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Unruly Raccoons and Troubled Educators: Nature/Culture Divides in a Childcare Centre

By Veronica Pacini-Ketchabaw, Fikile Nxumalo

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Abstract

Current times of anthropogenically damaged landscapes call us to re-think human and nonhuman relations and consider multiple possibilities for alternative and more sustainable futures. As many environmental and Indigenous humanities scholars have noted, central to this re-thinking is unsettling the colonial nature/culture divide in Western epistemology. In this paper, through a series of situated, small, everyday stories from childcare centres, we relate raccoon-child-educator encounters in order to consider how raccoons’ repeated boundary-crossing and their apprehension as unruly subjects might reveal the impossibility of the nature/culture divide. We tell these stories, not to offer a final fixed solution to the asymmetrical, awkward and frictional entanglements of humans’ and raccoons’ lives, but as a responsive telling that may bring forth new possibilities for responsible, affective and ethical co-habitations.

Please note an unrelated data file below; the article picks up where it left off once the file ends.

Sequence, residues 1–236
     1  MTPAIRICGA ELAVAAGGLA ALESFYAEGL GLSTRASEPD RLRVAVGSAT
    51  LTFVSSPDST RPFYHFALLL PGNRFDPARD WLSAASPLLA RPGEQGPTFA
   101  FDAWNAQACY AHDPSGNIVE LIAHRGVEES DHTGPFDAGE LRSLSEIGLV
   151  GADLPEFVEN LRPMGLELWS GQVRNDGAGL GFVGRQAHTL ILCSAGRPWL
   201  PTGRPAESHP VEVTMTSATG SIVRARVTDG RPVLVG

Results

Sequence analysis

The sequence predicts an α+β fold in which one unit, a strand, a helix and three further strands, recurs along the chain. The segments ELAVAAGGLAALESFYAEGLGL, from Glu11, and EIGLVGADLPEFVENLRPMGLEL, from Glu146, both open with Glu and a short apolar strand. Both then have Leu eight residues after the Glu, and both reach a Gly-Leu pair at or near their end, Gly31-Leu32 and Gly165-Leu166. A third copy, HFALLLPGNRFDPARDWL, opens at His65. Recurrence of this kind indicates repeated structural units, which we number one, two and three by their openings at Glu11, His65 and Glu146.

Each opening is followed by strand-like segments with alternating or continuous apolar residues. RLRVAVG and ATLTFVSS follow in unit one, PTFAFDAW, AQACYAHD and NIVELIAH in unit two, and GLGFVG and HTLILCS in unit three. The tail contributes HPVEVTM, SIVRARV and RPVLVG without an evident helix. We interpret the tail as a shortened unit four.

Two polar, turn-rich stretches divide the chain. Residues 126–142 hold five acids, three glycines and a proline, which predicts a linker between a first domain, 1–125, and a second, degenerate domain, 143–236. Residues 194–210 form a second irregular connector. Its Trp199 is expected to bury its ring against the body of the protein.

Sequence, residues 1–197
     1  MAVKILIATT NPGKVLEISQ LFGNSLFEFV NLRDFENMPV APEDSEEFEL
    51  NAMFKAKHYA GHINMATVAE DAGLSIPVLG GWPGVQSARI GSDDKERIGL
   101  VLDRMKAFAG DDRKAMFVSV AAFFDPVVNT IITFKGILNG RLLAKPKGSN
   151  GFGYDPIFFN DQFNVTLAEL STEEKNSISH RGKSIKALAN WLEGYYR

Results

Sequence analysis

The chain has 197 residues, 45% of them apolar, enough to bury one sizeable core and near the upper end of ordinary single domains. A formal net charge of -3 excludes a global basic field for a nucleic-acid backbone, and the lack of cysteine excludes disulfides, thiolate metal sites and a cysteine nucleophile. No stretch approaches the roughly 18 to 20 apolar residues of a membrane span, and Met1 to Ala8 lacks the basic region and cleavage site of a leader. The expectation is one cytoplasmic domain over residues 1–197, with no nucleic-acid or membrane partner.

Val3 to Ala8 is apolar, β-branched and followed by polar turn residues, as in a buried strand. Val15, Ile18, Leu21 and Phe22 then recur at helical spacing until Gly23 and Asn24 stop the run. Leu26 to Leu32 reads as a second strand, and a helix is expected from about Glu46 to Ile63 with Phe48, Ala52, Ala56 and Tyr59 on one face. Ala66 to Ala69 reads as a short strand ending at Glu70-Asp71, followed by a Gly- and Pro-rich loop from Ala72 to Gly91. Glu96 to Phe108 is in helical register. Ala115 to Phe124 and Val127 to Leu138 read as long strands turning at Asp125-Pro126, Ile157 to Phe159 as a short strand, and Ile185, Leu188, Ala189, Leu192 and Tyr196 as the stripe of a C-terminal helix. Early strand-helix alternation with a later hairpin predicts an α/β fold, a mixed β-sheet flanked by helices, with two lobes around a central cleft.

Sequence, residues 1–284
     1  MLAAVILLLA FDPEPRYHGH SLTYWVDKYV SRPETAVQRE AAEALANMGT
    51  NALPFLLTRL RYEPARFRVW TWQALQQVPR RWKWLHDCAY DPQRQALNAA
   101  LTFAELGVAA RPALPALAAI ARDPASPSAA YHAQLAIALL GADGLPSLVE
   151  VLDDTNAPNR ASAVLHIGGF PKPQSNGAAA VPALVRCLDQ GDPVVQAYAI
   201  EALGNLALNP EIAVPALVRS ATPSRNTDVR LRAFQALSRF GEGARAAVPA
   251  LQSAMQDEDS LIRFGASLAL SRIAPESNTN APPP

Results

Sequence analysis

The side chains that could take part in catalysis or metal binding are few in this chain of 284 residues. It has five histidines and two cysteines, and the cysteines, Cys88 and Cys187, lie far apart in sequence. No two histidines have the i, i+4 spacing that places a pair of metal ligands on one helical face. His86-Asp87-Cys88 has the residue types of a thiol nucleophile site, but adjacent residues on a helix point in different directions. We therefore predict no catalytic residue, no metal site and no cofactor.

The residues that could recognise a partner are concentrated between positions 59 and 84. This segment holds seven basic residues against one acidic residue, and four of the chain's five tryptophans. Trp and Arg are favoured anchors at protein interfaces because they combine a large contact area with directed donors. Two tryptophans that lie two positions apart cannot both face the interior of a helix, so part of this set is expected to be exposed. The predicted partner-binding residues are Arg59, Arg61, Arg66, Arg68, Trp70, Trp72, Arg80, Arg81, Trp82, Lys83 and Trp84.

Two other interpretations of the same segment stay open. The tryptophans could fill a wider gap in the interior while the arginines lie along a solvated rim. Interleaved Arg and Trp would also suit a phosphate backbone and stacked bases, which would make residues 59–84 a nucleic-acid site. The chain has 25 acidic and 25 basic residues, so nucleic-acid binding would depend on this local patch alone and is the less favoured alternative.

Submitter

Katie Osborn

Publication Title Environmental Humanities
Pages 1-27
ISBN/ISSN 2201-1919
Publisher Duke University Press
URL https://ir.lib.uwo.ca/edupub/17/
Cite this work

Researchers should cite this work as follows:

  • Veronica Pacini-Ketchabaw; Fikile Nxumalo (2018), "Unruly Raccoons and Troubled Educators: Nature/Culture Divides in a Childcare Centre," http://habricentral.org/resources/62915.

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Tags
  1. Animals in culture
  2. Children
  3. Human-animal relationships
  4. Mammals
  5. open access
  6. peer review
  7. raccoons
Badges
  1. open access
  2. peer review